HL Deb 17 March 1837 vol 37 cc617-9
Lord Wharncliffe

wished to take that opportunity to put a question to the noble Duke on the cross-bench, relative to a point connected with the Highway Bill. Previous to the new statute, every parish had been obliged to supply a certain portion of statute labour; but, by the new law, statute-labour had been done away with, and the conse- quence was, that much evil had resulted to the turnpike-roads, as the provision extended to them. In many parts of the country, the tolls being insufficient for the maintenance of the roads, the only resource the trustees had was to apply to the common law, and to indict the parishes. He wished to know whether any step would be taken to remedy the evil?

The Duke of Richmond

said, that when the Highway Bill came up from the Commons, it was referred to a Committee of their Lordships' House. That Committee discovered, what had been overlooked in the other House—namely, that by destroying statute-labour entirely, that provision would be extended to turnpike-roads; and the chairman of the Committee was directed to state the existence of that clause. In order to avoid the difficulty, he proposed, as they never in that House altered a money clause, that the Bill should not come into operation until March, 1836, and the statute labour could have been collected before that time. Last Session he had stated the same thing to the first Commissioner of Woods and Forests, as he stated now—namely, that if the Government of the country did not interfere on the subject, many turnpike trusts would be plunged in the greatest distress, and those who had lent their money on such security would be defrauded of it. Statute labour appeared to him to be, of all inventions, the very worst for repairing the roads. In his opinion, there was a great deal more mischief than good done to the roads by that species of labour. He was perfectly aware of the abuse that existed in the management of the turnpike roads. He had repeatedly directed the attention of their Lordships to that subject. He knew, that in many instances the trustees were expending more money than they received, that in some cases they were actually borrowing money to pay the interest—and that they were, in fact, nearly in a state of bankruptcy. His recommendation always had been, that a Bill should be brought in to amend the turnpike laws, and he believed if the measure which had been proposed last Session, which had received a first, if not a second reading, had been carried, the trustees of the roads would not have required any additional tax. That Bill had received considerable opposition in the other House of Parliament. The clerks of the trustees of the roads came up to London, and abused every person who was supposed to be favourable to the measure. The reason of that was, because the operation of the Bill would have reduced the number of clerks from 1,000 to 500. In answer to the question of the noble Lord, he would only say that he did not feel himself in a condition to propose to the House any measure on the subject.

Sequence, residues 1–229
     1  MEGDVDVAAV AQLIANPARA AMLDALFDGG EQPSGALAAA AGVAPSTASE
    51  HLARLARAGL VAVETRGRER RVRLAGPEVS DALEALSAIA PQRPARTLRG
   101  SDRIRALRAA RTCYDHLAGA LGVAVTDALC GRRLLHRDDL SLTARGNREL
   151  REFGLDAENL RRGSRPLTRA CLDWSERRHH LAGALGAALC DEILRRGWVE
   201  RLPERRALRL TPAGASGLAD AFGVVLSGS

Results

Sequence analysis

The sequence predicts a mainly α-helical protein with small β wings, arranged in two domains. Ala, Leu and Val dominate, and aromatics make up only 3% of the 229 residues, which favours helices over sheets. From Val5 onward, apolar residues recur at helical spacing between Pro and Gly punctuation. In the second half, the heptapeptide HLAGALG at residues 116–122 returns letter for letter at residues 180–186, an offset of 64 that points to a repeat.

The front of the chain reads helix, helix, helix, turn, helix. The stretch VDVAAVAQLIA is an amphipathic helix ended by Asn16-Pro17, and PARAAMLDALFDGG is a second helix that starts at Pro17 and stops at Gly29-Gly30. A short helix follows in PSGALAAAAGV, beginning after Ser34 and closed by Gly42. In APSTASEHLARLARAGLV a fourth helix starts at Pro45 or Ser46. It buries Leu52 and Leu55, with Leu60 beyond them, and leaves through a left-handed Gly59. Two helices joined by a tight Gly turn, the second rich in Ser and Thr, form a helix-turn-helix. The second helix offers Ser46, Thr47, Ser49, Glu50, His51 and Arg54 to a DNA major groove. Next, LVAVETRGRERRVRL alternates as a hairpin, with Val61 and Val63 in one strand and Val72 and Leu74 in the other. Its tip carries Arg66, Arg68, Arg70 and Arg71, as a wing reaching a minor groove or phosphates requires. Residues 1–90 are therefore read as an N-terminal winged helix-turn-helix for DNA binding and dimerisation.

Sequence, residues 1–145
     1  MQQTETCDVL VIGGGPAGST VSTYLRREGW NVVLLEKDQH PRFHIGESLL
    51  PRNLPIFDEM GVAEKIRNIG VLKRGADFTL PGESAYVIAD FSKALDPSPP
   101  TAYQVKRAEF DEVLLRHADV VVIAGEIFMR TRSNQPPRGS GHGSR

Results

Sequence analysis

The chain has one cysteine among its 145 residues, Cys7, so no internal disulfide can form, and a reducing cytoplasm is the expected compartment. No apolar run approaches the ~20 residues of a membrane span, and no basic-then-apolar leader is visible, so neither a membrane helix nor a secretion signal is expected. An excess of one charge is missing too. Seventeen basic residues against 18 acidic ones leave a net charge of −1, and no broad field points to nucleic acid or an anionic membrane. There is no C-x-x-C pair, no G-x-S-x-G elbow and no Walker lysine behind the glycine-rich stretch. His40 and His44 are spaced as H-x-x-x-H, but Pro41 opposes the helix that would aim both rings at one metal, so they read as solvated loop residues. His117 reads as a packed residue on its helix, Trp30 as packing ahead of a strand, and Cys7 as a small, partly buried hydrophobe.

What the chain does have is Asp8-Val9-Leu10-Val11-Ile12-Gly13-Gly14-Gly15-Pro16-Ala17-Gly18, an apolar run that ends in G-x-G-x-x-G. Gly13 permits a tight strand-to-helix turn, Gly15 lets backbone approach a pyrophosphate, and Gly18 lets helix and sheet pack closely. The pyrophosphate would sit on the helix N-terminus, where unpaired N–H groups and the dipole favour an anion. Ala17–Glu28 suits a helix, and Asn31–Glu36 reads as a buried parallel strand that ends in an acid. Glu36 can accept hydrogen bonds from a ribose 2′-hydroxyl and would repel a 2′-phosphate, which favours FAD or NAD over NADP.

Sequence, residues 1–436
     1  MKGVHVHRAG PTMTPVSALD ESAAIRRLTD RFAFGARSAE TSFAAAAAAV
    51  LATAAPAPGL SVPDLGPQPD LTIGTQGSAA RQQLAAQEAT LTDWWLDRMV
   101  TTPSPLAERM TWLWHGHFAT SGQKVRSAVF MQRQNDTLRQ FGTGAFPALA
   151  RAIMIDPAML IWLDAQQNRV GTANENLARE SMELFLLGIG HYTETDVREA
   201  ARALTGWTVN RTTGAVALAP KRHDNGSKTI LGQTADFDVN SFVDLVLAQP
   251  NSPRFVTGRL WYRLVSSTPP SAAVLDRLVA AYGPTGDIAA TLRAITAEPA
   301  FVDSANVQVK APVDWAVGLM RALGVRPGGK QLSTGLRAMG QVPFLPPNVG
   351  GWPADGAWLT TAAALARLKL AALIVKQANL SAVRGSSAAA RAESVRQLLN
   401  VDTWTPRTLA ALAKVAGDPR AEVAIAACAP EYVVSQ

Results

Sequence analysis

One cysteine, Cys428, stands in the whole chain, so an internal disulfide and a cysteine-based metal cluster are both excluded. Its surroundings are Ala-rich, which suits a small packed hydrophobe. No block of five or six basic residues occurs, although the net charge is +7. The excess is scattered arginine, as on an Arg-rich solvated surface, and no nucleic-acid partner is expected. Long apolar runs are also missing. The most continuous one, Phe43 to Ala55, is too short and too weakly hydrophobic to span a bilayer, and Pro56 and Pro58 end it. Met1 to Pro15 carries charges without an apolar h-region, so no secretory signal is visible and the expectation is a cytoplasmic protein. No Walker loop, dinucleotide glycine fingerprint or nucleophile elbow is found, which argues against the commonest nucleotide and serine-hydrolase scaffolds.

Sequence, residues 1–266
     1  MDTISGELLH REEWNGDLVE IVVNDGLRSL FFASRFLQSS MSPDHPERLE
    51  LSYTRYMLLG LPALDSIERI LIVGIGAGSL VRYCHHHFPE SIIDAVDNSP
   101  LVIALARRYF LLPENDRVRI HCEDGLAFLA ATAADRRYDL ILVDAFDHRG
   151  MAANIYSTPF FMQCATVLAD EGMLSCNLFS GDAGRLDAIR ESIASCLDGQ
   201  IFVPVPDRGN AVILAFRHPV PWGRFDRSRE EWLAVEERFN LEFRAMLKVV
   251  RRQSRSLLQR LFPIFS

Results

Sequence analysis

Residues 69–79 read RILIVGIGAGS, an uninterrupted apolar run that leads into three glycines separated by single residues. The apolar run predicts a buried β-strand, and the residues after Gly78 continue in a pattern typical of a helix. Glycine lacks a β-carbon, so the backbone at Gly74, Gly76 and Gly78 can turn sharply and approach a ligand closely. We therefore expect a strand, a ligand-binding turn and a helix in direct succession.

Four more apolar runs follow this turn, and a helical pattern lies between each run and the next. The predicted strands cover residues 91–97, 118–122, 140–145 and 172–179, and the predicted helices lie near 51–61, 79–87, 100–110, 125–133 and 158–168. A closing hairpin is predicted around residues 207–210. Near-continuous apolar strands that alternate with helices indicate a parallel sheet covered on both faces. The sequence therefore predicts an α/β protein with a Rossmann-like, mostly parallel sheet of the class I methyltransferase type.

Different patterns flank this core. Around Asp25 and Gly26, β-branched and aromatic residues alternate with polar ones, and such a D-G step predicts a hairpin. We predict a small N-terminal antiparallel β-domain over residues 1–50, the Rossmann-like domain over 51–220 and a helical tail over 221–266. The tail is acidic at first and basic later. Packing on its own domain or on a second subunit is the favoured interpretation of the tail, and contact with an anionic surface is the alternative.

The Marquess of Salisbury

thought it would be a little too hard to inflict on the parishes an expense merely for the purpose of encouraging a system of profligate expenditure. He trusted the Government would take the matter into their early consideration.

The conversation terminated.

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